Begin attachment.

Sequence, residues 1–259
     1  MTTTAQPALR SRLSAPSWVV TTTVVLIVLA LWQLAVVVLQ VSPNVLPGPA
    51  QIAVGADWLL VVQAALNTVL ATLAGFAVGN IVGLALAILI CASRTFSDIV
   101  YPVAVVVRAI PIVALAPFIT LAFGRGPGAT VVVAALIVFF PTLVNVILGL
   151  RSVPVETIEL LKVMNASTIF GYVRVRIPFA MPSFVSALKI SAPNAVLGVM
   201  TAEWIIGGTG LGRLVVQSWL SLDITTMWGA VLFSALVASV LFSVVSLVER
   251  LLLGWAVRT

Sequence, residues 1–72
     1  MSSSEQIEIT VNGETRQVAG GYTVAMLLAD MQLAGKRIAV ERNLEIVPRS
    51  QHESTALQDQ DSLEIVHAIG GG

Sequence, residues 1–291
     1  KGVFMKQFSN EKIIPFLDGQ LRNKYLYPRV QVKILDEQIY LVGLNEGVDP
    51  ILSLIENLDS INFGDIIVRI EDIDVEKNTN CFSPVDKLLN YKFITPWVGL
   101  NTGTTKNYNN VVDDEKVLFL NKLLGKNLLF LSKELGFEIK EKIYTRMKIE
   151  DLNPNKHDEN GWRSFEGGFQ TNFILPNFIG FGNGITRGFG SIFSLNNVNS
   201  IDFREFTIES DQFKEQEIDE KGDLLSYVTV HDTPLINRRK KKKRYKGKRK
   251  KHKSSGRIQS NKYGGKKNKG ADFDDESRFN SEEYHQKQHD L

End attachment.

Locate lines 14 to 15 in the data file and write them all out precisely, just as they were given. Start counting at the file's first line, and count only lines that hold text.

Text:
   101  NTGTTKNYNN VVDDEKVLFL NKLLGKNLLF LSKELGFEIK EKIYTRMKIE
   151  DLNPNKHDEN GWRSFEGGFQ TNFILPNFIG FGNGITRGFG SIFSLNNVNS